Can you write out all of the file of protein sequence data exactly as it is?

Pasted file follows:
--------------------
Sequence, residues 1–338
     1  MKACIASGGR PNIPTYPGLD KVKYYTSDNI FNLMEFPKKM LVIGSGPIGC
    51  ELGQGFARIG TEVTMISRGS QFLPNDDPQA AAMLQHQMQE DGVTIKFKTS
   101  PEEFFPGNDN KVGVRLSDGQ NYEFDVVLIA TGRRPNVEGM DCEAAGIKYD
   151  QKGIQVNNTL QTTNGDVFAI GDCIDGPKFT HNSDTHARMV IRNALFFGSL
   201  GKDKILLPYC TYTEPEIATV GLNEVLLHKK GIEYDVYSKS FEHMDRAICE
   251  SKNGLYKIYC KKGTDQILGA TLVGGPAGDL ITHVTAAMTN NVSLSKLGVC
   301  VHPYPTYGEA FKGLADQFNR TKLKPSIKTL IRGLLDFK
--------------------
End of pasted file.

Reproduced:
Sequence, residues 1–338
     1  MKACIASGGR PNIPTYPGLD KVKYYTSDNI FNLMEFPKKM LVIGSGPIGC
    51  ELGQGFARIG TEVTMISRGS QFLPNDDPQA AAMLQHQMQE DGVTIKFKTS
   101  PEEFFPGNDN KVGVRLSDGQ NYEFDVVLIA TGRRPNVEGM DCEAAGIKYD
   151  QKGIQVNNTL QTTNGDVFAI GDCIDGPKFT HNSDTHARMV IRNALFFGSL
   201  GKDKILLPYC TYTEPEIATV GLNEVLLHKK GIEYDVYSKS FEHMDRAICE
   251  SKNGLYKIYC KKGTDQILGA TLVGGPAGDL ITHVTAAMTN NVSLSKLGVC
   301  VHPYPTYGEA FKGLADQFNR TKLKPSIKTL IRGLLDFK